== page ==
Sen. Jeff Flake, R-Ariz., stressed the importance of proceeding deliberately. “These are lifetime appointments … and we want to be thorough with this process and I believe that we were,” Flake said.
Partisan politics in the Senate played a role in the delays. According to KJZZ, “The judicial emergency was partially triggered by holds placed on the nominees by the state’s Republican Sens. John McCain and Jeff Flake.” The senators more recently consented to the hearing. Read more
The Congressional Black Caucus has written a letter to President Obama about judicial nominations, both commending him in part and voicing criticism in part over a lack of diversity in some regions. Obtained by The Daily Beast, the letter states:
“We recognize your commitment to diversity on the federal judiciary and congratulate you on the recent confirmation of D.C. Circuit Court Judge Robert Wilkins. Judge Wilkins’ nomination is evidence of your desire to correct history’s disregard for the unique qualifications of diverse judicial nominees. However, in a number of jurisdictions, there still remains an inexcusable and unjustifiable lack of racial diversity that must be addressed.”
The letter urges Obama to name African-American judges for two federal district court vacancies in Alabama, noting that only one African American was appointed to the federal bench there (by Obama) in the past 33 years, while 26 judicial appointments were made. ”In light of the controversy over the recent Georgia slate of six nominations, it is our hope that we avoid Read more
President Obama will come under public fire soon from the Congressional Black Caucus over a lack of diversity in some of his judicial nominations in the South. The African-American leaders are poised to speak out publicly despite Obama’s record for nominating more diverse judges than his predecessors.
The leaders will speak out at a press conference in Washington as early as this week, The Hill reported, quoting Del. Eleanor Holmes Norton of the District of Columbia as saying the event will decry “the appalling lack of African American representation” among judicial choices, especially in the 11th Circuit, which takes in Georgia, Florida and Alabama. Obama’s critics are Democrats.
While the White House did not respond to questions for the article, it earlier stated that Georgia’s Republican home-state senators senators had blocked the president’s nomination in 2011 of an African-American woman to the federal bench in Georgia. According to the White House, of Obama’s choices confirmed for the federal bench, 18 percent have been African Americans compared to eight percent under President George W. Bush and 16 percent under President Clinton.
President Obama’s latest nominees for the federal district court include Staci Michelle Yandle, who would become the first African American lesbian federal judge in two decades if confirmed, and two other groundbreaking nominees.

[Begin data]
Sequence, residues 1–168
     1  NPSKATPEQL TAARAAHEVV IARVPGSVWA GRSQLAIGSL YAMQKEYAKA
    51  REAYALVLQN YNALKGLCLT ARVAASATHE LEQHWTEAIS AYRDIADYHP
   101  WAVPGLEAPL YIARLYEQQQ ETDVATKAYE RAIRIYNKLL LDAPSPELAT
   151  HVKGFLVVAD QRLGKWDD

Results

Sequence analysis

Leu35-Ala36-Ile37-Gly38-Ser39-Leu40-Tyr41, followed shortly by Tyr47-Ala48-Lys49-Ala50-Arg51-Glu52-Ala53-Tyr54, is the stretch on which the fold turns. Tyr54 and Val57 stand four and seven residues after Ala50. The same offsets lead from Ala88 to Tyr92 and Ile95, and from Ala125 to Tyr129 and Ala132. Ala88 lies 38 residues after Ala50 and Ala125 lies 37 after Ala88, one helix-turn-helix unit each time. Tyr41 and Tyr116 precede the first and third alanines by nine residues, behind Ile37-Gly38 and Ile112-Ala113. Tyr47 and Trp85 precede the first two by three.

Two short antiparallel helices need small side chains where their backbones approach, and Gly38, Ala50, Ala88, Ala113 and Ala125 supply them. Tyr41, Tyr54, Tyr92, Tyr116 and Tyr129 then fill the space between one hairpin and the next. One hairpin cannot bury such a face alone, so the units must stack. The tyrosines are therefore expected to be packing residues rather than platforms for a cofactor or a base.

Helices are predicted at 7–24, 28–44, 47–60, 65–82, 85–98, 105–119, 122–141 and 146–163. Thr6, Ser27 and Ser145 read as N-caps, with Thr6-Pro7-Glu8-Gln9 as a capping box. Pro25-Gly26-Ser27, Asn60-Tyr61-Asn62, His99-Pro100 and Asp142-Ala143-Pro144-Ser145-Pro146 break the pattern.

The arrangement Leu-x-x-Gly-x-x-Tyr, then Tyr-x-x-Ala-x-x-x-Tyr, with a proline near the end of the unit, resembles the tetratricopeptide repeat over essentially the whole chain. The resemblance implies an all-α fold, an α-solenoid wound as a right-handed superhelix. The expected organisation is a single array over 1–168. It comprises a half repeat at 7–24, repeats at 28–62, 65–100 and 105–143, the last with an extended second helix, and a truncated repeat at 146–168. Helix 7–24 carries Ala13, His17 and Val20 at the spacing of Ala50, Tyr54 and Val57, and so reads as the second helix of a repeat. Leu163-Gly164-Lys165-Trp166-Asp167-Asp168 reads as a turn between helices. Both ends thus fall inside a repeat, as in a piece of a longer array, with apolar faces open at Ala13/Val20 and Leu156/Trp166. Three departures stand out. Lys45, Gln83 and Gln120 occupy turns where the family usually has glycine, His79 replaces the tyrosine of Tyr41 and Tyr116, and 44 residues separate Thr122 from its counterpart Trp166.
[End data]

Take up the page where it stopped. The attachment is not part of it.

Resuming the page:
Attorney Yandle (photo) was nominated this week for the U.S. District Court for the Southern District of Illinois. Other nominees included Superior Court Judge Salvador Mendoza, Jr., who would become the first Hispanic to sit on the District Court for the Eastern District of Washington, and Richard Franklin Boulware II, a public defender, who would become the first African American man to sit on the United States District Court for the District of Nevada.
According to Politico, the White House is hopeful that a recent change to Senate rules will help speed up the confirmation process for the newest nominees. The Senate barred filibusters of most presidential nominees and of all judges except those for the U.S. Supreme Court.
Meanwhile the Senate Judiciary Committee on Thursday sent to the full Senate the nominations of five appeals court and 24 district court judges. The meeting “could prove a bellwether for how confirmations proceed this year for nominees still awaiting votes,” the Blog of Legal Times reported.
Only one African American has been appointed among 26 federal judges in Alabama in the past 33 years, retired U.S. magistrate judge Vanzetta Penn McPherson of the Middle District of Alabama writes in a Montgomery Advertiser op-ed.
As a result, the number of black federal judges in Alabama today stands at two, the same as in 1980, Judge McPherson (photo) says. She calls it a “remarkably curious — and indefensible — outcome” and continues in her essay to focus on the recommendations for judgeships made by five male U.S. senators from Alabama over more than two decades; they recommended no African Americans.
The one African American who was appointed during the period in question was recommended by by a screening panel established by Rep. Terri Sewell, D-Ala. In urging greater diversity on the bench, Judge McPherson concludes:
“This is the 21st century. We cannot ignore the ignominy of excluding African-Americans from 25 judicial appointments over as many years. And one or two new black judges — especially if they merely replace other black judges — are not enough.” Read more